History has shown that a leader whose policies divide society cannot survive because he will find himself in thrall to the interests of a narrow support group, while what the country needs is visionary leadership to transform the state into a nation, built not just on shared interests but on shared identity, willfully constructed. It is the task of a visionary political leadership to forge it. But President Jonathan, having by his politics and policies accentuated and nurtured national divisions instead, thereby destroying whatever that was built of the Nigerian identity, was in no position to provide the needed leadership. One cannot destroy so as to be brought in to re-build. Nigerians, needing to build a united and prosperous nation, thus needed to vote him out.
On the party level, as well, the story was the same. The various party national leaderships consistently failed to administer party affairs to reconcile, restructure and reform the party apparatuses in the country to engrain confidence among members. All efforts of well-meaning PDP members to achieve this objective through the entrenchment of internal and participatory democracy, and the creation of institutional collaboration and cooperation within the party structures were rebuffed as people of questionable character were allowed free hands to do with the party just as they willed. Ethics and values were thrown to the dogs. Election of party executives had long ceased as powerful interests appointed their lackeys into all party offices at will. Nomination processes were equally compromised as party candidates were filled in arbitrarily. Strange slogans such as ‘endorsement’, ‘right of first refusal’, ‘sole candidacy’, etc. took centre stage. PDP became an unjust and unfair political party, with no truth in it, no compassion in its heart, no sincerity in its purpose and its actions always intrinsically self-serving and deceitful. Hence, to all intent and purposes, the PDP became to most Nigerians, including its members, like the biblical harlot whose lips in the beginning spat forth words as sweet as dripping honeycomb, from voices as soft as olive oil, only in the end to turn out to be as bitter as crocodile bile, and as poisonous.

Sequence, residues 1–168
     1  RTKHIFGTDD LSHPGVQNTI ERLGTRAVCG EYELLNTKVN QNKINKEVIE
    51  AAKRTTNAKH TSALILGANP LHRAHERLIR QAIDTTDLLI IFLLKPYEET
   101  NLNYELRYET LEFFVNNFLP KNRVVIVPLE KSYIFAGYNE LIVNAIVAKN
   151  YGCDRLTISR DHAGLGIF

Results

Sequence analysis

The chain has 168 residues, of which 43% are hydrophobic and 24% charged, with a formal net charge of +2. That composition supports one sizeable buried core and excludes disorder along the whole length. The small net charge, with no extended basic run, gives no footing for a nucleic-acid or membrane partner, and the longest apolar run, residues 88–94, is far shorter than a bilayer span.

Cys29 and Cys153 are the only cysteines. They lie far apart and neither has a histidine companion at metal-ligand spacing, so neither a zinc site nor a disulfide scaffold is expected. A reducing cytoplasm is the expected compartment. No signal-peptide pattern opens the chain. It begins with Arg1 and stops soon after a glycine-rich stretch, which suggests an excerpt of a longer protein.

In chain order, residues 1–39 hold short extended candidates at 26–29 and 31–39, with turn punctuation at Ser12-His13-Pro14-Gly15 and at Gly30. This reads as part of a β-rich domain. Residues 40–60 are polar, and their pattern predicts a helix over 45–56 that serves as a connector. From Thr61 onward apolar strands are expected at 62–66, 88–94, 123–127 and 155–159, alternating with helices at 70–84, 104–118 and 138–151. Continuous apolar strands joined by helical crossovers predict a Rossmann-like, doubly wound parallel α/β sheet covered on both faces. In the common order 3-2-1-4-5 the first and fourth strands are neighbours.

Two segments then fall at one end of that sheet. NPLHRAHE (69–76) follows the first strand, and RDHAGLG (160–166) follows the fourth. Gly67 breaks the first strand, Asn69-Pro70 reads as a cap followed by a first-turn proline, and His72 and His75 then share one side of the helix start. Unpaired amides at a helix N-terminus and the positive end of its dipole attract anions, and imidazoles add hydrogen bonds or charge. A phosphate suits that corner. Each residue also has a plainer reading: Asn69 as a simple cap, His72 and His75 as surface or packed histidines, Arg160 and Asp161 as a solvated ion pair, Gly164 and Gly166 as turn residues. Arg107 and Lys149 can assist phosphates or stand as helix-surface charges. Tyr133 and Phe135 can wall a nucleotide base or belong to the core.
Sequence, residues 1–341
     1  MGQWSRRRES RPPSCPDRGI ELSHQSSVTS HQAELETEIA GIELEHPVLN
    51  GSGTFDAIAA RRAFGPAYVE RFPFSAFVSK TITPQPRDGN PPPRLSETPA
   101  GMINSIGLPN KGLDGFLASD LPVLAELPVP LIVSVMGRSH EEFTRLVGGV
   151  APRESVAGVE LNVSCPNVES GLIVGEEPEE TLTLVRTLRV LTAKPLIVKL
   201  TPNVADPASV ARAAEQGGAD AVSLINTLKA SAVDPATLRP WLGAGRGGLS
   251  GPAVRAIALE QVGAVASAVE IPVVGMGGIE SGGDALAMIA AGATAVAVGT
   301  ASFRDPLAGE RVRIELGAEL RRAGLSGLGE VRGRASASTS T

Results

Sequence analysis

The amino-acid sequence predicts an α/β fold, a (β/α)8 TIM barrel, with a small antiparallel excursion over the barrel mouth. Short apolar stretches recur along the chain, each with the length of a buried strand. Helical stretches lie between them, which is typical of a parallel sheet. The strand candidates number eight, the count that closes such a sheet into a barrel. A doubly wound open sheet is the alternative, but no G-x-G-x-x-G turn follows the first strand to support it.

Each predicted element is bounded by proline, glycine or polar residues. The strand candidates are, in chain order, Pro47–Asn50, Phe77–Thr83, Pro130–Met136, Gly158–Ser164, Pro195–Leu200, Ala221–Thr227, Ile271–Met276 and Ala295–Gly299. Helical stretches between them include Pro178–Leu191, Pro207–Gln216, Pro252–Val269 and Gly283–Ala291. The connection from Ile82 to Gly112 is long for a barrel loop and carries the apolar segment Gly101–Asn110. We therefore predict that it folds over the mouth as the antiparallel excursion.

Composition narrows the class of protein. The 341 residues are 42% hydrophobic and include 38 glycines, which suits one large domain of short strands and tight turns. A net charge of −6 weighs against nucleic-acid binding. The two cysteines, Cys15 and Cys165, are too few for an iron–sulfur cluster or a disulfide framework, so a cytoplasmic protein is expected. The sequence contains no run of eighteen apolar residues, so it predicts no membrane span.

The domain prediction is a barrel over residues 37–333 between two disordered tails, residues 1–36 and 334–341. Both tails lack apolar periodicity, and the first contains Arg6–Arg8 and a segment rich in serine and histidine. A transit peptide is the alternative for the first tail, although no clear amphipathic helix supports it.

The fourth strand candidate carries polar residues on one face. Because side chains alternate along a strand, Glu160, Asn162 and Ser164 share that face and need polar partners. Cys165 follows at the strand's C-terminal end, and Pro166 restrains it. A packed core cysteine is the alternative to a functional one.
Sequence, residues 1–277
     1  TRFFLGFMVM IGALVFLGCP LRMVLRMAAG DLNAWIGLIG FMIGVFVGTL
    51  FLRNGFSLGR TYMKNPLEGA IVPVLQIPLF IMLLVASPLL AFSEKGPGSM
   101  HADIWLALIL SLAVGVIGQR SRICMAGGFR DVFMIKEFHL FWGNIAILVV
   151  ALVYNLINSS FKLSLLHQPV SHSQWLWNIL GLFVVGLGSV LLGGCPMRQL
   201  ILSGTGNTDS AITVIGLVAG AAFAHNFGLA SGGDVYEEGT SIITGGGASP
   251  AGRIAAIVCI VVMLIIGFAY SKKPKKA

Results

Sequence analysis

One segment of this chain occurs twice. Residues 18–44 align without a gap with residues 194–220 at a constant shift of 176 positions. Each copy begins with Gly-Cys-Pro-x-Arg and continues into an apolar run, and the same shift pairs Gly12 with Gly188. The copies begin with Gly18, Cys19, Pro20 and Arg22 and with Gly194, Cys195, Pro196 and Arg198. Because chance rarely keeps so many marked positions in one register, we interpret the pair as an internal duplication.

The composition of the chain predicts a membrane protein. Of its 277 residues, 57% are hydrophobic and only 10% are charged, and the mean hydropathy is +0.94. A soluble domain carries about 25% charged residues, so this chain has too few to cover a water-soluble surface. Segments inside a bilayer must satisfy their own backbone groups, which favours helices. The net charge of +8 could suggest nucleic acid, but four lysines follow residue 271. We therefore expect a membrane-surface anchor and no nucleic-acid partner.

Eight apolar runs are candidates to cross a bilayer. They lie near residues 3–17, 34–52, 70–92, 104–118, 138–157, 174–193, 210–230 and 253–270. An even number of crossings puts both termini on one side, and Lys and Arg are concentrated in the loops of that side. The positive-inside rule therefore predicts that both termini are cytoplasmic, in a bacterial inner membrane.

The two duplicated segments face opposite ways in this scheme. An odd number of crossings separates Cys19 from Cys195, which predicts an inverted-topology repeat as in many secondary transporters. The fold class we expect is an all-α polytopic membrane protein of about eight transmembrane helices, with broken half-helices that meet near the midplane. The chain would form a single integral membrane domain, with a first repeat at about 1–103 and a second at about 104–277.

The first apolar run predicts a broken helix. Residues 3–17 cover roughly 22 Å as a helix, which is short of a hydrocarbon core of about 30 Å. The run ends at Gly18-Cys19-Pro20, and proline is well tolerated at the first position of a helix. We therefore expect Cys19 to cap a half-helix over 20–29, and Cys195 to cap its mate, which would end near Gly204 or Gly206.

Thus, while the PDP-led government disappointed Nigerians, the party itself by its actions created enemies within its membership. As rightly maintained by Ted Gurr, a world renowned Criminologist, “when expectations go up and realities go down, men rebel”. For all the facts have shown that the anger in the country against the PDP is basically the result of injustice and failed expectations of ‘dividends of democracy’ by way of improving the living conditions of the people. Contrasting the personal and collective freedom and liberty of citizens ushered in through constitutional democracy with the failed promises and expectations of high standard of living of citizens and lack of internal democracy within the party, one then sees clearly the seeds of defeat being sown against the PDP by the PDP. Add the polarisation and great disparity of wealth amongst citizens, the overt and insensitive corruption by public servants, the increasing widespread of poverty and deprivation within the vast majority of the people, the extreme forms of election frauds by incumbent leaders, a dishonest, unjust, corrupt and compromised judiciary, etc., relations between the government and the governed invariably had to come under severe stress, naturally breeding disappointment and anger against the ruling party. These issues collectively made the PDP unpopular in the country, mainly for which reasons it was therefore voted out of power.